Search results

You are looking at 1 - 4 of 4 items for :

  • "Aran Islands" x
  • User-accessible content x
Clear All
The blows of County Clare
Jeremy MacClancy

thought an ideal zone for collecting folk beliefs (Foster 1997: 195). After visiting the Aran Islands off Clare, Yeats urged the young writer J. M. Synge to ‘live there as if you were one of the people themselves; express a life that has never found expression’. Between1898–1901, Synge visited five times, gathering material there he later used in his plays. In his account of these stays, Synge acts the amateur ethnographer translating the ways of these insular characters for an educated, urban audience. He sees the locals in patently primitivist terms: unsullied by a

in Alternative countrysides
Martine Pelletier

seems partly inspired by the real-life Alfred Cort Haddon (1855–1940). As David McConnell explains in the programme notes, Haddon, a graduate from Cambridge University, was appointed Professor of Zoology at the Royal College of Sciences in Dublin in 1880: ‘A follower of Galton he became interested in distinguishing races and sub-races by measuring the shapes of skulls (craniology), and in relating these physical qualities to behaviour’.34 The Gallery Press edition of the playscript features both an extract from ‘Studies in Irish Craniology: The Aran Islands, Co Galway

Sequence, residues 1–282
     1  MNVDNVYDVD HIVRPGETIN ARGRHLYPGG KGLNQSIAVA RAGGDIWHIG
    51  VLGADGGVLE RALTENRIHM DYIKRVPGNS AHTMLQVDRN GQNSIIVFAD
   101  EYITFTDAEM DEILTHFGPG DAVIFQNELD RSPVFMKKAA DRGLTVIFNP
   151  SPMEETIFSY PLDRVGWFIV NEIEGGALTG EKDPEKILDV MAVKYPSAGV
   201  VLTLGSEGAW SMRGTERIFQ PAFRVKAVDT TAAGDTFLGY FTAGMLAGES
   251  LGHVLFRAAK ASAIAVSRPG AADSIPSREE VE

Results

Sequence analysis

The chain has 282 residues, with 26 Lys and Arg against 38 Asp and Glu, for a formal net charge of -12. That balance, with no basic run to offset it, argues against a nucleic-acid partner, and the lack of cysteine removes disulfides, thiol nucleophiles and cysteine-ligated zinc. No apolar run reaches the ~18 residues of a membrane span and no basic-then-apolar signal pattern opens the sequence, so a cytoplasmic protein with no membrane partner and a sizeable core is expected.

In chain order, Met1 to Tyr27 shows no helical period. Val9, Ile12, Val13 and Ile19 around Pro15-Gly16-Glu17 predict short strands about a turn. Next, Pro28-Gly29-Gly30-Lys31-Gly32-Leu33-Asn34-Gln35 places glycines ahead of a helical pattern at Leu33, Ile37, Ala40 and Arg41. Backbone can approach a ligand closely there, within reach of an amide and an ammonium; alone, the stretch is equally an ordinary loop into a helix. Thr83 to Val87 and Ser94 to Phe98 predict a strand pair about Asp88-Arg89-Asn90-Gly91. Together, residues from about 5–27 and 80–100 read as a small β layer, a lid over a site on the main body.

in Irish literature since 1990
Open Access (free)
Writing home in recent Irish memoirs and autobiographies (John McGahern’s Memoir, Hugo Hamilton’s The Speckled People, Seamus Deane’s Reading in the Dark and John Walsh’s The Falling Angels)
Stephen Regan

in the old ancestral homeland. It is towards the west of Ireland, the place of myth and folklore and Irish language, that the memoir is drawn. The title recalls another literary work of indeterminate genre, John Millington Synge’s book The Aran Islands, in which the Irish playwright in the guise of anthropologist encounters the denizens of those far-flung islands. In his account of his visits to Inishmore, the largest of the islands, Synge recalls how he met an old blind fisherman called Mairtin Conneely, who told him the story of how Satan and his angels were

in Irish literature since 1990
Community, language and culture under the Celtic Tiger
Steve Coleman

factory on Inis Meáin in the Aran Islands can be in continuous and instantaneous contact with both its designers and its markets in Japan, Europe and the United States. This is beginning to provide opportunities for people to stay in remote locales rather than emigrating to centres of production. Both Raidió na Gaeltachta and TG4 rely on technological advances that make possible radically decentralised communication networks and a greater variety of choice in both the production and consumption of mediated culture. Privately owned media, such as the Irish

in The end of Irish history?